Youth should prove their mettle
9 months ago, 31 Dec 23:58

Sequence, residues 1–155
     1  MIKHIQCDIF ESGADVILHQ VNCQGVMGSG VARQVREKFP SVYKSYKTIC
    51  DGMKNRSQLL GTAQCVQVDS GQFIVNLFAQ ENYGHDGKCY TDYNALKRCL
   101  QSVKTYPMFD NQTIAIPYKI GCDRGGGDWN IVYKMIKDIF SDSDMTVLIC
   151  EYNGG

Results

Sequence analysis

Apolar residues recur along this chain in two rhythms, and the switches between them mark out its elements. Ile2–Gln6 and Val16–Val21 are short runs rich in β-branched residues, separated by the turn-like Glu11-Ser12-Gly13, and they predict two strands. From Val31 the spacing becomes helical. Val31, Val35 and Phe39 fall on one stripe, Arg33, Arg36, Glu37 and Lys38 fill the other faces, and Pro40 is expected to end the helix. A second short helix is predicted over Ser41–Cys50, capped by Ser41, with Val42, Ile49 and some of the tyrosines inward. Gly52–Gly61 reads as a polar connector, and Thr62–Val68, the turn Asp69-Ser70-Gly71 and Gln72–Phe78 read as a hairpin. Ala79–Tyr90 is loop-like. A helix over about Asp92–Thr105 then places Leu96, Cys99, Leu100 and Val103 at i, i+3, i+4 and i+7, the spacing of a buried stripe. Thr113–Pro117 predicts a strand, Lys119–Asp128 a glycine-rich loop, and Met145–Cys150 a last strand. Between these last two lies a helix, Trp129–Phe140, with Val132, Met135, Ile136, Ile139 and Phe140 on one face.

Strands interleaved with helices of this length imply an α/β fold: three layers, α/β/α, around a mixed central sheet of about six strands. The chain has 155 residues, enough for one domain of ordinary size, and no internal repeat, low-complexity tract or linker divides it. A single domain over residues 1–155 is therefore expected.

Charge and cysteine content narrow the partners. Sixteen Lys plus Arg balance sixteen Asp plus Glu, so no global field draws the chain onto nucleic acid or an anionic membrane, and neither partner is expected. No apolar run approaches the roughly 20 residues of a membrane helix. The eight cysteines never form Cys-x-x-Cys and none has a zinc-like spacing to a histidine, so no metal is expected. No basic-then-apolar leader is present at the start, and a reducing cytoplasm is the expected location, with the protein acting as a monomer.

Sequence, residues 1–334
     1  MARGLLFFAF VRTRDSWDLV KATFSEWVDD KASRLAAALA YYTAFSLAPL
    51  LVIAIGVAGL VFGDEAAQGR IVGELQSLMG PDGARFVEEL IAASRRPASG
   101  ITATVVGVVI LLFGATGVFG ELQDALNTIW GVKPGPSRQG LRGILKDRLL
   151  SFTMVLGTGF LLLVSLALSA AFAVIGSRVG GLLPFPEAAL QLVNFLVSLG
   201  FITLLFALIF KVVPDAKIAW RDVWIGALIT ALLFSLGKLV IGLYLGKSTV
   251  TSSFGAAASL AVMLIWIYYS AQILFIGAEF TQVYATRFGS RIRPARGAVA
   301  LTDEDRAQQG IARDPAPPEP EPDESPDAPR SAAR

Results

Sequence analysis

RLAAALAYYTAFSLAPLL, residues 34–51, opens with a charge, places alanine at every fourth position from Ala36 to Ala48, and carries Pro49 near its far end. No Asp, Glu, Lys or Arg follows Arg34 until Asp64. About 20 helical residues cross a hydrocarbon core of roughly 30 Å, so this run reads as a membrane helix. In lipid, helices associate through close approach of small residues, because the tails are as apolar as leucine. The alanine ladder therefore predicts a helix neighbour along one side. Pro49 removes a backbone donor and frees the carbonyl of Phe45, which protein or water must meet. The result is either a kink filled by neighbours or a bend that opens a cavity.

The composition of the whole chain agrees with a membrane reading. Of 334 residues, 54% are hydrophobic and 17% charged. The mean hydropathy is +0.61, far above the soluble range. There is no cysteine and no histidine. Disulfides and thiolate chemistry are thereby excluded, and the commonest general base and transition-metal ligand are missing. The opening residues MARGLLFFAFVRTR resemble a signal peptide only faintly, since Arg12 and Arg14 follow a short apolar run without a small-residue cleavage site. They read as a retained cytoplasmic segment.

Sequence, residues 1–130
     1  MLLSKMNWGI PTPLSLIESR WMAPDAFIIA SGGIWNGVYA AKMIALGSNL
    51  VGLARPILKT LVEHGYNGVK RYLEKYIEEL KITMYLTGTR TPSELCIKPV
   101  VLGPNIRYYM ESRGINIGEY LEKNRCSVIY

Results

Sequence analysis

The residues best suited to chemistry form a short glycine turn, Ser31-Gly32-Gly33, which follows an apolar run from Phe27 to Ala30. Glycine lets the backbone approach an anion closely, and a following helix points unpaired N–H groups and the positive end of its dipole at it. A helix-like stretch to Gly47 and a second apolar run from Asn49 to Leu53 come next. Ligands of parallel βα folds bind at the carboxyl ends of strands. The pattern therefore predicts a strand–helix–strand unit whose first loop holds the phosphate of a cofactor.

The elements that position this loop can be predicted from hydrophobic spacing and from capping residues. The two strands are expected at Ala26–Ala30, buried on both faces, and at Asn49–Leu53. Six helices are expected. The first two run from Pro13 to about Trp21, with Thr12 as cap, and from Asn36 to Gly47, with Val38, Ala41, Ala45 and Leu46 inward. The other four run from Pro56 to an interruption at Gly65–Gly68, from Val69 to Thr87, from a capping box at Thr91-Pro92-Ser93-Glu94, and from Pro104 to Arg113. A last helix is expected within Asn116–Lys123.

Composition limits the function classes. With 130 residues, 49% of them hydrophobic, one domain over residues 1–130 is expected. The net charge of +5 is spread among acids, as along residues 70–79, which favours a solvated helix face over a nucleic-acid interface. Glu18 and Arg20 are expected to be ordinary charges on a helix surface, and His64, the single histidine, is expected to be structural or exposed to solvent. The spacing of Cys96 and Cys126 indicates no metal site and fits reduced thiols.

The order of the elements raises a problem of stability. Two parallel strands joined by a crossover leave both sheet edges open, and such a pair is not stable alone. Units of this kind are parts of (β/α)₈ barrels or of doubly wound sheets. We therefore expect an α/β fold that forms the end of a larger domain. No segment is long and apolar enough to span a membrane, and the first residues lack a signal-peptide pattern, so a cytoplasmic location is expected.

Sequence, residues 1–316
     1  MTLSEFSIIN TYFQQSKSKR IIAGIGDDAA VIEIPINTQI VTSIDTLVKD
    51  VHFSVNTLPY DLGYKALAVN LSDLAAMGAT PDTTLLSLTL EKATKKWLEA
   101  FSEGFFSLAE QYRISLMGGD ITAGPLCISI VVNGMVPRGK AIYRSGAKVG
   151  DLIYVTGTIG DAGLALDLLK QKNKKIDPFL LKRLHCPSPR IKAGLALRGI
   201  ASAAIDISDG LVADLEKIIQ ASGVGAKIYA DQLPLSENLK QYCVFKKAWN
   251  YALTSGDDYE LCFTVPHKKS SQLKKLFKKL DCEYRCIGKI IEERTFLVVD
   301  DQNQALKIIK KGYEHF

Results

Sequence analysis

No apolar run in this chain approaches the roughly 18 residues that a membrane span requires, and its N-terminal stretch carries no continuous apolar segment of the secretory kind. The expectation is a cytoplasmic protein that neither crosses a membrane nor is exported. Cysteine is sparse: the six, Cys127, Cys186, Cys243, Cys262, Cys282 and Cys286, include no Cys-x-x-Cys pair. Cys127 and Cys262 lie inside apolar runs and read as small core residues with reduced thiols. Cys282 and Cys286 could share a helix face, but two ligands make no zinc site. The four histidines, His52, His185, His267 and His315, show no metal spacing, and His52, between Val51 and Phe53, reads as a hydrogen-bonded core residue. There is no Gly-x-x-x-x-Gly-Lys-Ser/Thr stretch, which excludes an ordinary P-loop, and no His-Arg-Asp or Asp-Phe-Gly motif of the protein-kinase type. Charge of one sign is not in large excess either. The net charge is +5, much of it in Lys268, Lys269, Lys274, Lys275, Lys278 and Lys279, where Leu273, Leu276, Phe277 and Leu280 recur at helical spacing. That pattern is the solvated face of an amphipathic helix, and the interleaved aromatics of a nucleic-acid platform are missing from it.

It has, generally, been a good year for Kenyan youth. Winning at least one county governorship position, a couple of Senate seats and a good number of MPs and dozens of MCAs, 2017 was one of the most rewarding years for this category of Kenyans in the leadership sector. This year’s General Election was one of the most competitive in recent times and for youths to be picked out from among more senior and experienced politicians, it shows that a good number of voters believe in giving them an opportunity to lead. The Under-35s — as identified by the laws of the land — are normally associated with vigour, creativity and progression. That’s why an increased number of them was entrusted with important leadership positions nationally and regionally in the elections. Nandi Governor Stephen Sang, 32, was trailing in the race for the top county seat just months to the August 8 poll. Facing seasoned, more established politicians, he gained an unbeatable momentum in the later stages of the campaign to clinch the seat by a desirable margin. YOUNGEST SPEAKER He thus became the youngest governor ever elected in Kenya. Governor Sang picked youths to occupy almost half of the County Executive Committee and Chief Officer positions. Nandi also has the youngest Speaker in the region, Joshua Kiptoo, 28, and the youngest senator, Samson Cherargei, 29. And the county was not the only one that gave youths influential seats as others also entrusted this age group with various leadership posts. Governors seem to appreciate the youth by giving them senior county posts, an indication that they are keen to involve them in decision-making on matters affecting them. However, some counties seem not to have seen the need to have youths in the top echelons, leaving them, once more, at the periphery of leadership. It is not particularly impressive to see some governors pick people as old as 50 and above for dockets directly in charge of the youth. NO YOUNG CS With a country teeming with millions of youths, President Uhuru Kenyatta, who has often associated himself with them, would do the group a big favour if he filled at least a quarter of his Cabinet with youths. The constitution of the last Cabinet was a huge disappointment to the youth — who form a large bloc of the population — as the President failed to appoint a single young person as a Cabinet Secretary while only one was, unsatisfactory, named a Principal Secretary. For youths in leadership positions, the celebrations ought to be over. It is time they showed what makes them different from their older colleagues and did some work. It hurts to see that some youth, especially those in Parliament, are already struggling to settle yet they promised dozens of things to the voters during campaigns. It might be too early for them to give a true picture of their capabilities. However, somebody who is yet to outline their development agenda four months into a five-year term ...
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